Mom begs for no diet talk when buying Girl Scout cookies


One appalled mom is begging Girl Scout cookie customers to follow her no-diet rhetoric rules.

Nicole Romanella O’Neal accompanied her six-year-old daughter, Penelope, to her “kickoff” training before the cookie-selling season. The San Diego-based duo practiced everything from knocking on doors to smart safety decisions. While most of the coaching proved to be helpful for the young Daisy Scout, O’Neal was distraught after hearing one cookie-selling speech set, she revealed in an Instagram post.

The mom-of-two approached a booth with her daughter at the training, where older girls were roleplaying different types of customers they were likely to encounter, including one they dubbed “The Healthy Indulgence.”

O’Neal was shocked by how girls were taught to respond to a diet-focused individual. According to the instruction from the leader of the presentation, any Girl Scout who comes across a similar customer should offer them cookie options that don’t have artificial sweeteners.

O’Neal told Today: “I blacked out. I was fuming.”

Though entirely concerned and upset over the lesson, she didn’t say anything to anyone, especially not Penelope. O’Neal waited until they were home to air out her frustrations online. She took to Instagram, listing the instructions regarding customers who admit concern over their weight.

“I opened my phone. I typed out what I was seeing in the note section of my phone, and I posted it to Instagram,” she said to the outlet.

O’Neal detailed what customers shouldn’t say when they’re approached by a Girl Scout. In her opinion, no one should mention dieting, calories, and body flaws. What’s more, the protective mom noted that they shouldn’t explain why they’re not buying cookies if it is about their weight, and people shouldn’t ask which options are the healthy ones.

“Please spread this message and share this post. Our girls, are simply trying to sell you cookies. They shouldn’t worry about the calories of the cookies, the diet the person they’re selling to is on, or the body flaw that’s causing a person not to purchase,” O’Neal’s caption read. “Diet and body shame is learned. Please please be aware of this when you’re approached. A simple no thank you, is completely acceptable. In fact, it’s perfect.”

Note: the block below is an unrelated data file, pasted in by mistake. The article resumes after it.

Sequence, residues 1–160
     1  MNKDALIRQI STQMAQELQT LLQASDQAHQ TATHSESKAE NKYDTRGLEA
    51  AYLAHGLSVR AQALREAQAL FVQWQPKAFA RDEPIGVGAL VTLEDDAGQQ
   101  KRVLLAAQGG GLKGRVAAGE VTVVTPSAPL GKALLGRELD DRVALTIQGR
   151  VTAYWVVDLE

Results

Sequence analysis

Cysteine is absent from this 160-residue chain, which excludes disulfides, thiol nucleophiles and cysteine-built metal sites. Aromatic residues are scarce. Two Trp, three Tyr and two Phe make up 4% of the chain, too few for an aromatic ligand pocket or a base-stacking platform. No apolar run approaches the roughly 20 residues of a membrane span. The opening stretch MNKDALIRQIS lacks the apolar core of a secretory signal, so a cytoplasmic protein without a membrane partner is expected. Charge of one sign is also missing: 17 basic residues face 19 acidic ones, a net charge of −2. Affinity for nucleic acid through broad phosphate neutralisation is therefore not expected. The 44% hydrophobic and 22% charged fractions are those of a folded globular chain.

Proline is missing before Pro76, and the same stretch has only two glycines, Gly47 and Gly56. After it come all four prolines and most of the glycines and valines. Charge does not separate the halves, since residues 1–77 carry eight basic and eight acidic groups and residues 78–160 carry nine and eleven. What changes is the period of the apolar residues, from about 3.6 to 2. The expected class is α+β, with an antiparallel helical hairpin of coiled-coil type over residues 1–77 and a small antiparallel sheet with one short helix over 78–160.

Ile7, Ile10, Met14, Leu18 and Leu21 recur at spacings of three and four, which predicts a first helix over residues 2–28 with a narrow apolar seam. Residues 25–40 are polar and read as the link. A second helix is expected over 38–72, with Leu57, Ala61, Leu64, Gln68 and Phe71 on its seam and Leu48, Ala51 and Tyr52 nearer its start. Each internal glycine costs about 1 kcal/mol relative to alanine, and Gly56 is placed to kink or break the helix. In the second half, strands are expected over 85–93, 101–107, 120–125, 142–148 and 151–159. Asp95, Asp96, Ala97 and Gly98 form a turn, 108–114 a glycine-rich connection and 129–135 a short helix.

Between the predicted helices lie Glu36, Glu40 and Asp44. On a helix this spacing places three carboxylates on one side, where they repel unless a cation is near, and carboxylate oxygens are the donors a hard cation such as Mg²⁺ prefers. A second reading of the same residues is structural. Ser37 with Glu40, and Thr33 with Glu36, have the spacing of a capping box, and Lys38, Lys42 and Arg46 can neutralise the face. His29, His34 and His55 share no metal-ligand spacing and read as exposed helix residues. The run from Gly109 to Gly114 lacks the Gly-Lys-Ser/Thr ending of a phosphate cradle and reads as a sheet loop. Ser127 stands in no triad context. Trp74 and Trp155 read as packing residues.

Viewers contemplated whether O’Neal’s advice was valid. Some thought her message was important for the sake of the young girls. However, others felt that lying and withholding their truth was detrimental.

A passionate person added: “If Girl Scouts are going to set up shop outside every grocery store and Walmart in the country and ask people to buy cookies, then they are going to have to deal with all kinds of people. That includes those who are making healthier choices than cookies!”

One supporter wrote: “YES! From a former Girl Scout leader trying to teach these young ladies anti-diet culture!!”

“I could understand a few of these responses but I can’t have cookies that aren’t gluten free, so I might ask if they’re gluten free or to see an ingredient label to see if I can buy them at all,” a candid individual commented.

Despite the opinions of O’Neal’s followers, it seems as though the Girl Scout organisation agrees with her. Two weeks ago, the official Girl Scout Instagram posted their set of guidelines for anyone approached by one of their troop leaders selling cookies. They urged people to refrain from “skinny” or “diet talk,” and to “recognise the cycle of body drama.”

“Little messages affirm and shape who we are when it comes to body image. I am uber aware of the way I talk and interact with food in front of my daughter,” O’Neal remarked.

“My plan is to step in and say that all the cookies are a great choice. I’ll redirect the conversation and add in appropriate messaging that all food is healthy because it gives us energy,” she continued, adding how she’ll now be traveling from location to location with Penelope for her sales.

The Independent has contacted the Girl Scout organisation and O’Neal for comments.





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